Monthly Archives: November 2015

Cyberbullies are Cowards

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By Vi Waln

Bullying is a real problem. In fact, there are young people who have committed suicide because they grew weary of being terrorized by a bully. Yet, there are adults on the Rez who are in denial about how bullying contributes to suicide. There are also adults who deny that poverty is a factor in the choice some of our young people make to take their own lives.

I am an Unci. Yet, I make an effort to empathize with my Takoja. I try to truly understand how they feel. People my age grew up watching more incidents of heavy drinking, drugging, child abuse and neglect, as well as extreme violence and devastating sex crimes happening on our homelands. Life on the Rez is completely different from what it was forty years ago.

I was the victim of bullying when I was in elementary, middle and high school. Some of the torment came from my peers. I also remember instances when a mean adult at school was the bully. But I really don’t think I experienced anything as harsh as what goes on today with our students. People can be vicious when it comes to harassing others.

I also remember what it was like as a young person to feel completely self-conscious. When a person has low self-esteem, they will be especially self-conscious. Many of our children come from homes that lack not only the basic necessities, but are also devoid of an emotional, mental and spiritual support system. Some parents, for whatever reason, are incapable or unwilling to help their children thrive.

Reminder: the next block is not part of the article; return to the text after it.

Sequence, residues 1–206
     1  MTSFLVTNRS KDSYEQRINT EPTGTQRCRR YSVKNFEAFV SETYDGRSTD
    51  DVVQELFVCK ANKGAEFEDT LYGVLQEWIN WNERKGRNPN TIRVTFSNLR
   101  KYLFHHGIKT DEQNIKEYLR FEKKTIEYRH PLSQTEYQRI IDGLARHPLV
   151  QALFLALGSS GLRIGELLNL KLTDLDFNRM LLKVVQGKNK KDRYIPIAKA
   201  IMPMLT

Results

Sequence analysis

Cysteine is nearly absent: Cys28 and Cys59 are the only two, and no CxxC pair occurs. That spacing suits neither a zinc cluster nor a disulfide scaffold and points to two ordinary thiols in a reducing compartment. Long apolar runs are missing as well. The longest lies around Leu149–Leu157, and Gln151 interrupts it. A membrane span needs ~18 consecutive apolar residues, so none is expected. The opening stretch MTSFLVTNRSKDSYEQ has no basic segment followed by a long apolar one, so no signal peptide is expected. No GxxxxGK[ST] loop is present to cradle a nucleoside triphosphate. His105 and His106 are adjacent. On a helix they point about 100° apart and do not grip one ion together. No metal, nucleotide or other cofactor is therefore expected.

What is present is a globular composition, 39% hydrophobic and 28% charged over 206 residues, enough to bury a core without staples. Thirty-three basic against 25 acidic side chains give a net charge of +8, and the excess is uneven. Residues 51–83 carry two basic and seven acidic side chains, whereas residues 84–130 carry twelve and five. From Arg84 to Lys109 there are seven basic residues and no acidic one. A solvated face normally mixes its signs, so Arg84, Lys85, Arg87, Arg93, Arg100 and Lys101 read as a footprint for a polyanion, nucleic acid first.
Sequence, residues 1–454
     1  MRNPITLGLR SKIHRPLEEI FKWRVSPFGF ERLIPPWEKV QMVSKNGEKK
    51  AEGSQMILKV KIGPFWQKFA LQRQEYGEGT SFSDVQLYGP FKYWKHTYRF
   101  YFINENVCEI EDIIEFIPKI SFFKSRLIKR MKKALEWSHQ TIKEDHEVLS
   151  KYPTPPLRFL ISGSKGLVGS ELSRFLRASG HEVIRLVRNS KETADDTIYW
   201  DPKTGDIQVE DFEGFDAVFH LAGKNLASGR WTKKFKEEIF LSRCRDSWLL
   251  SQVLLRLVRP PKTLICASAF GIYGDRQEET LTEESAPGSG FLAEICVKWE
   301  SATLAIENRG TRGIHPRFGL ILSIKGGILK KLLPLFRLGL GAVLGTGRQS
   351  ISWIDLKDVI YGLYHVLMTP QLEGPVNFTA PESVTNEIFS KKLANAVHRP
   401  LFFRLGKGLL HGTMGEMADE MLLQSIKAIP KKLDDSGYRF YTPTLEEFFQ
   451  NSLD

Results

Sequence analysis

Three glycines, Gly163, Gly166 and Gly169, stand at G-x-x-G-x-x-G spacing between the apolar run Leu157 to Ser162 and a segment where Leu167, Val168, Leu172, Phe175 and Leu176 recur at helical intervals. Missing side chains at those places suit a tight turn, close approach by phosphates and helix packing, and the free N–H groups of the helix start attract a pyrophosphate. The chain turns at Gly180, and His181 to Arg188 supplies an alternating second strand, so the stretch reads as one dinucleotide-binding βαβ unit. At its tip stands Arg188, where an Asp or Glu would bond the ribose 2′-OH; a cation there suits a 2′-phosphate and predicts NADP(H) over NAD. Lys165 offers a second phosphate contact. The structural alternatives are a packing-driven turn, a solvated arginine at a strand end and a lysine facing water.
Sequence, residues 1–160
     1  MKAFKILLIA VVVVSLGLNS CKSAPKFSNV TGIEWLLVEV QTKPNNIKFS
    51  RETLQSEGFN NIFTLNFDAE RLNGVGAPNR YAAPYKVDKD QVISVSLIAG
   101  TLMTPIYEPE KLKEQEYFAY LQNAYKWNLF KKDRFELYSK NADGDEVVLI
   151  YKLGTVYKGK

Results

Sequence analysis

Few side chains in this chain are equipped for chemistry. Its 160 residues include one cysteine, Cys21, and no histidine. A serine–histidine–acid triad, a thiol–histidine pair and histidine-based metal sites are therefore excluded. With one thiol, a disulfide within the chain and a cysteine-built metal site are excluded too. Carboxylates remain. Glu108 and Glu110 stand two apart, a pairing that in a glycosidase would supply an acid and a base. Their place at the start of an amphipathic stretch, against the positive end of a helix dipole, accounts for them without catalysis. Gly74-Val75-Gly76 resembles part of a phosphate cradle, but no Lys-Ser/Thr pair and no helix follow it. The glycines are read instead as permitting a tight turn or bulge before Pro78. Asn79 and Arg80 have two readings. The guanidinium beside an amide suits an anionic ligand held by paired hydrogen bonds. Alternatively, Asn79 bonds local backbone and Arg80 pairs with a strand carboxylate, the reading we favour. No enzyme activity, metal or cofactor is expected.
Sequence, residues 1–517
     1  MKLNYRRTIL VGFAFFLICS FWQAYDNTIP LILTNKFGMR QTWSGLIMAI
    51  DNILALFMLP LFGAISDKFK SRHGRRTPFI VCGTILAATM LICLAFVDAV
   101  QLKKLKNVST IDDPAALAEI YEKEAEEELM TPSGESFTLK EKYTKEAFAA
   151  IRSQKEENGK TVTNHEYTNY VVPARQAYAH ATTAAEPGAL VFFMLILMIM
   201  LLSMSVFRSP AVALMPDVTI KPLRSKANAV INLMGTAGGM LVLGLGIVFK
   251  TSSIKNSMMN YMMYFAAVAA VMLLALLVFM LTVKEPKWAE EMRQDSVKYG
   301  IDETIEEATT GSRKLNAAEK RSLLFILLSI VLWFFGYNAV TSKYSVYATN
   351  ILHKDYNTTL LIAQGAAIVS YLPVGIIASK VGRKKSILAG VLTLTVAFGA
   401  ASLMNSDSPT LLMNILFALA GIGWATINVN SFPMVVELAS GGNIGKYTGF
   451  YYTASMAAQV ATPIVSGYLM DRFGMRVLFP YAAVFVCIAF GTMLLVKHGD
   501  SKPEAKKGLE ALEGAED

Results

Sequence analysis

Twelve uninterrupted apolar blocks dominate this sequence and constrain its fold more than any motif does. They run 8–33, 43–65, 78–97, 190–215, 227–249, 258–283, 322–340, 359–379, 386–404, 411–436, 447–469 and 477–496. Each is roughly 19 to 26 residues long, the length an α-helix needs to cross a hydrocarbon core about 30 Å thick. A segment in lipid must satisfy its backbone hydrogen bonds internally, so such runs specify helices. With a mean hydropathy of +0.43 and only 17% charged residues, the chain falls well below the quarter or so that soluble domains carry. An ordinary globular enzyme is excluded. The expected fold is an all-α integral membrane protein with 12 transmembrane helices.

So, there are many children today who don’t get any positive attention at home. Many are belittled by their parents. It has to be really difficult to face each day with the knowledge that your parent doesn’t care much for you, while your peers at school all just want to torment you. For some students, suicide might be viewed as the only way out of what they think is an unbearable situation.

Technology has brought us cyberbullying. This is the coward’s way of terrorizing others. Our young people are very susceptible to online influences. There are actually people out there who create fake profiles with the goal of hurting others by bullying them online. This is one of the dark aspects of the internet.

As much as I depend on the internet to enhance my life, I wouldn’t be sorry at all to see it shut down for good, especially if it would disarm the online cowards who revel in bullying people they don’t know. If you are one of these people who hide behind a computer screen to engage in cyberbullying, you need to seek counseling because you obviously have major issues you’ve never dealt with.

We have to give hope to the young people we work with or encounter every day. On the Rez, we are also seeing many of our young people embrace both their masculine and feminine qualities. Many of our young people, as well as adults, openly identify as lesbian, gay, bisexual or transgender (LBGT). I commend them for their courage to embrace their true selves, even though they are often tormented for doing so. We have to do more to support all of our young people to reach their full potential.

It will take all of us working together to give our young people the tools to cope with the stress, and often dismal realities, of everyday life on the Rez. The adults who deny the effects of bullying and poverty aren’t much help. Things could change when the adults make an effort to genuinely empathize with our teenagers and children. Still, it might take a long time to reach the point where the adults can truly understand the inner emotions and outer hardships our young people experience every single day.